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EghtesadOnline: Millions of toxic smartphones end up in landfills around the world each year. Kerry Chen thinks he can change that, starting with China -- one of the worst offenders.

With Chinese consumers hardly the biggest proponents of recycling, whether it’s cars or banquet leftovers, Chen reckons the solution is in making the process as painless as possible. To that end, the would-be used-electronics magnate enlists thousands of stores and couriers into taking in unloved laptops and phones and developed an app that lets people turn over gadgets with a few finger-taps. Backed by e-commerce giant JD.com Inc., he’s set up an online bazaar to hawk second-hand products, according to Bloomberg.

Chen’s targets aren’t well-heeled urbanites pursuing the fanciest gadgets, but poorer rural users craving something capable. His seven-year-old company took in 5 million devices in 2016, just a fraction of the 400 million-plus new phones shipped in the country. But he expects business to double to over 4 billion yuan ($575 million) in 2017, when consumers who adopted 4G two years ago re-up with faster devices such as Apple Inc.’s 10th-anniversary iPhone.

“It’s virtually an untapped market. More than 95 percent of the potential demand is lying dormant,” said Chen, founder and chief executive officer of Shanghai Yueyi Network Co.

Most people are content to let their gadgets languish in drawer bottoms because there’s no easy way to deal with them, he said. That’s unlike in the U.S., where carriers and chains such as Best Buy run disposal programs. Those conditions create an opening for Yueyi and its Aihuishou app, which translates as “love recycling.” In December 2015, Chen struck an agreement with Xiaomi Corp. to run its trade-in program.

The global used phone market is worth $17 billion according to Deloitte, but in China demand is only just taking off, thanks to students and rural users who won’t pay top dollar but still want to stream video and play games. Device lifespans are lengthening along with better components, augmenting that trend, said Ra Mo, an analyst at Canalys in Shanghai. The researcher estimates that 41.1 percent of the 1.07 billion phones now in use within China will get replaced in 2017 -- a chunk of those will end up getting re-sold.

“Some buyers need a handset from Apple or other famous brand to feel good,” said Jin Di, a research manager at IDC. “There are also large numbers of people in rural areas that have limited knowledge about smartphones.”

While profit drives Chen, Yueyi helps address a simmering environmental issue. An electronic-waste crisis is emerging in nations where gadgets are becoming more affordable but lack systems to dispose of the lethal lithium, lead and cadmium embedded in them.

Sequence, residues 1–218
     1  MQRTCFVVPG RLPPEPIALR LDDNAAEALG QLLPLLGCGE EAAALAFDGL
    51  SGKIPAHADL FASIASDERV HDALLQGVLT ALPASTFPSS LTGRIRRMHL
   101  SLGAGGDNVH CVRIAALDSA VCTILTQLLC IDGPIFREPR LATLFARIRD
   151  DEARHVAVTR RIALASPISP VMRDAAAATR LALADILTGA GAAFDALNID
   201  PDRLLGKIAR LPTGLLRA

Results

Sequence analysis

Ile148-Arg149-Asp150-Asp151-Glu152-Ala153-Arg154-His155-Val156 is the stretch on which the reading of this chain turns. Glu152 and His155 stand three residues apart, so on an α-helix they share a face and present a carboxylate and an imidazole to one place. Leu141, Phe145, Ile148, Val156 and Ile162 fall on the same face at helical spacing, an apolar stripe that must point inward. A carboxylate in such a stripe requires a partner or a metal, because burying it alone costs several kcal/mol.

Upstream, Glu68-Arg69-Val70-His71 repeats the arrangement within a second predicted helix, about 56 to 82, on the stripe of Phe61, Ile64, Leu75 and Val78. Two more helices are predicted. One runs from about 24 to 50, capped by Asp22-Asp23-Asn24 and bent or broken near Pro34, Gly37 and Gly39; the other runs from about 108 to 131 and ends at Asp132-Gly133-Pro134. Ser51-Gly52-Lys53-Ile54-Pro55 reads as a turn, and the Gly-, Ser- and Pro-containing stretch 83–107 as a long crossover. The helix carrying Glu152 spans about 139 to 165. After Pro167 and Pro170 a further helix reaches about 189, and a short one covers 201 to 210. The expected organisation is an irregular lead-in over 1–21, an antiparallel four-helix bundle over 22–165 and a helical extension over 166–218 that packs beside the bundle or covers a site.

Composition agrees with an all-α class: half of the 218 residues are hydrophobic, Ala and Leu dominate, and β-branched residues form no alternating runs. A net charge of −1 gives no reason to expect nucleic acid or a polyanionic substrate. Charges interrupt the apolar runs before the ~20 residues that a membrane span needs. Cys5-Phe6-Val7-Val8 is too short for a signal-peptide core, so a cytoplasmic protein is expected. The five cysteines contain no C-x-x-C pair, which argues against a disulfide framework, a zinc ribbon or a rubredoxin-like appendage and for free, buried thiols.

More than 70 million phones are discarded in China every year, with just a tenth of that making it to licensed recycling centers, according to Bloomberg BNA, citing 2013 data from the country’s IT ministry. In 2014, the country generated 6 million metric tons of electronic waste, almost three times Japan’s, according to UN-backed The Step Initiative.

About a third of the gadgets Yueyi collects are spruced up and re-sold. Cheaper phones head for the countryside and emerging markets. It doesn’t refurbish the components, so the rest are sold to scrap merchants who extract valuable minerals. That last step can be lucrative: a million smartphones can yield 75 pounds of gold and 772 pounds of silver.

The Aihuishou app has developed tests to identify types of processors, cameras and storage. Users help the software determine if screens or sensors are functional by drawing lines or covering up the light sensor. If they agree with quoted prices, they mail in their devices or arrange for pick-up.

A gently used 128-gigabyte iPhone 6 Plus can fetch 2,800 yuan for its owner, less than half the original sticker price. Xiaomi’s Mi5 can draw as much as 1,250 yuan, versus a new version’s 1,800 yuan.

Chen’s first startup, a barter website, failed in 2008. This time, his model’s won endorsement from local investors. In December, Yueyi completed a 400-million yuan financing led by Cathay Capital and Fortune Capital. Earlier backers include JD and Morningside Capital. Chen says Yueyi is profitable and could seek an initial public offering in China in two to three years, envisioning a valuation of possibly several billion yuan.

“Local investors can better relate to our business model,” he said.

Yueyi isn’t the only company to have lit on the idea. Alibaba Group Holding Ltd. has a used goods section. Smaller competitors abound, including classifieds sites such as 58.com.

Chen’s top priority is protecting his lead by extending Yueyi’s network of collection points into more remote areas. He plans to offer partner-stores a 20 percent cut on every phone sold, with the intention of expanding his web to 100,000 outlets by the end of the year. Yueyi now hires 1,200 people but wants to grow to 2,000 by the end of 2017, he said.

“We know our competitors are also eager to grab the market. If there’s a war, we are prepared,” he said.

smartphones Used Phones toxic smartphones Kerry Chen